Moreover, a change that has a high degree of probability under one set of conditions may have a very low degree of probability under a different set of conditions. For example, if the temperature drops below freezing, the probability of water becoming ice is very high, and the reaction from water to ice is thermodynamically irreversible. If the surrounding temperature rises above the freezing point, the probability of water becoming ice, or remaining as ice, is zero. Under these conditions the backward reaction of ice to liquid water is also thermodynamically irreversible.

Failure to understand that in thermodynamics probabilities are not fixed entities has led to a misinterpretation that is responsible for the false belief that the second law of thermodynamics does not permit order to spontaneously arise from disorder, or as Shrodinger would name it, “Negative entropy”. Many examples in nature exist where order does arise spontaneously from disorder, where sub-systems within the closed system exhibit negative entropy. Snowflakes with their six-sided crystalline symmetry are formed spontaneously from randomly moving water vapor molecules. Salts with precise planes of crystalline symmetry form spontaneously when water evaporates from a solution. Seeds sprout into flowering plants, eggs develop into chicks, and aged skin or other organs can become more orderly and structured when acted upon by an outside perturbation.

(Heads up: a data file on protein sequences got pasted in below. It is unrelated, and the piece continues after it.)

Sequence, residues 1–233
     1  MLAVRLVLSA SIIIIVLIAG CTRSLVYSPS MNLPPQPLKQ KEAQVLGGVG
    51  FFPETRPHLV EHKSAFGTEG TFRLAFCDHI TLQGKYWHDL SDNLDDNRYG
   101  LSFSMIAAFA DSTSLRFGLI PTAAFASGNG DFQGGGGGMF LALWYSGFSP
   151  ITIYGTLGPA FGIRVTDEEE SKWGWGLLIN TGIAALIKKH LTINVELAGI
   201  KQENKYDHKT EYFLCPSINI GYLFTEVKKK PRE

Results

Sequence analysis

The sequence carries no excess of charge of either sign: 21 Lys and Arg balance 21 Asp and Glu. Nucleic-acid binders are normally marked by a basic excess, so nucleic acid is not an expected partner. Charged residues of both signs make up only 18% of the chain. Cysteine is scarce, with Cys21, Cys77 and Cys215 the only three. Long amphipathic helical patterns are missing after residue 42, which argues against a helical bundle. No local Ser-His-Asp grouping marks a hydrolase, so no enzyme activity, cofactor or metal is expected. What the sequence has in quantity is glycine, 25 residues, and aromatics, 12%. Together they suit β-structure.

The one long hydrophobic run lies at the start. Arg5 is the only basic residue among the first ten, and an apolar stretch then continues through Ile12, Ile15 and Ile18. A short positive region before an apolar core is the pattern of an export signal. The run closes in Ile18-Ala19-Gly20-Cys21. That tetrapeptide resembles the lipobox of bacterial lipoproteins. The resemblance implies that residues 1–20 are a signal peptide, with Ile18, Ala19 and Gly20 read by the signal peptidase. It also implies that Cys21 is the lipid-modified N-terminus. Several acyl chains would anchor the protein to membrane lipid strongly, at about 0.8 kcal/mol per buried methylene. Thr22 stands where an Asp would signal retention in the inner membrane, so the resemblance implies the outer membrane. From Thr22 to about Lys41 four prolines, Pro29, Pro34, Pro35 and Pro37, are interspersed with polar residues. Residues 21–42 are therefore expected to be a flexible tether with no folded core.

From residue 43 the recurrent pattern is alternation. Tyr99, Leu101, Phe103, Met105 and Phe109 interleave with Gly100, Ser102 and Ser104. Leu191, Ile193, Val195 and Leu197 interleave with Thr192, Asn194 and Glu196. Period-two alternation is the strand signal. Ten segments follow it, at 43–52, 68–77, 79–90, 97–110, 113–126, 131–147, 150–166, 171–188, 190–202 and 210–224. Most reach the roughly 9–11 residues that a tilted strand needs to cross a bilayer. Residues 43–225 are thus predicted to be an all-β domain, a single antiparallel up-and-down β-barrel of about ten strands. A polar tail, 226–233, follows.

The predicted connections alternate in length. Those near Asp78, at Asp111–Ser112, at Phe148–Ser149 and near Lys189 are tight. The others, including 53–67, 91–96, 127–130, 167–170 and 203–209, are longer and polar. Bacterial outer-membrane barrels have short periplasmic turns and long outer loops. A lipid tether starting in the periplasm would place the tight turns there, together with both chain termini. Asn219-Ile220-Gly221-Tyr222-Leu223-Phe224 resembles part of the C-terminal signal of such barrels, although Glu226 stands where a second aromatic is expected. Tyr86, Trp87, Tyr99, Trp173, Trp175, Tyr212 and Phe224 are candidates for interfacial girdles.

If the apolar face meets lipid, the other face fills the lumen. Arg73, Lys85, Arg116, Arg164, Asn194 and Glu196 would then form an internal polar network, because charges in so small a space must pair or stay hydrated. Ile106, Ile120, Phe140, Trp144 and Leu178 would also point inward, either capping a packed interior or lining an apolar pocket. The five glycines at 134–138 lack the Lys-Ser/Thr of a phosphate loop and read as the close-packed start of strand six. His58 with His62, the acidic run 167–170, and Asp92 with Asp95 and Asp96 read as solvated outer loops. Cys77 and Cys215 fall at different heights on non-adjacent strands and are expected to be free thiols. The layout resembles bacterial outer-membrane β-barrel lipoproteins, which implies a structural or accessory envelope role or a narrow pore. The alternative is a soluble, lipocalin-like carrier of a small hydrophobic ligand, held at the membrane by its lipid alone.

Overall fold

Thermodynamics is an exact science, indeed this is why there are four laws of thermodynamics, that is based on specific mathematical concepts. The laws are not easily explained using qualitative metaphors, but are best understood as the relationship between probability theory of stochastic processes and the second law. Entropy is a mathematically defined entity that is the fundamental basis of the second law of thermodynamics and all of the 2nd laws’ engineering, biological, physical and chemical ramifications. The mathematical relation between entropy neither precludes the possibility of order spontaneously arising from disorder, nor negative entropy arising from external forces. In describing the laws of thermodynamics we often refer to a "closed system." A closed system is a specific entity or object or region in space and time that can be evaluated in terms of its thermodynamic properties and possible changes. The system can be defined as many things, such as an ice cube, a steam turbine, a man within a defined environment, or even the entire universe itself, and then that defined system can be thermodynamically analyzed. As an example, when using classical thermodynamics to describe events that are not subatomic, such as ion currents across a cellular membrane, we can describe the statistical distribution of particles using the Boltzman Equation described by Dr. Ludwig Boltzman in the late 1800s when he was professor of mathematical physics at the University of Graz. In such a system, the distribution of ion particles will flow across the membrane in such a way as to achieve equilibrium, i.e. an equal number of particles on each side of the membrane such that no work can be performed once equilibrium is achieved.  The Boltzmann equation, a first-order differential equation based on Hamiltonian Mechanics, was developed to describe the dynamics of an ideal gas such that: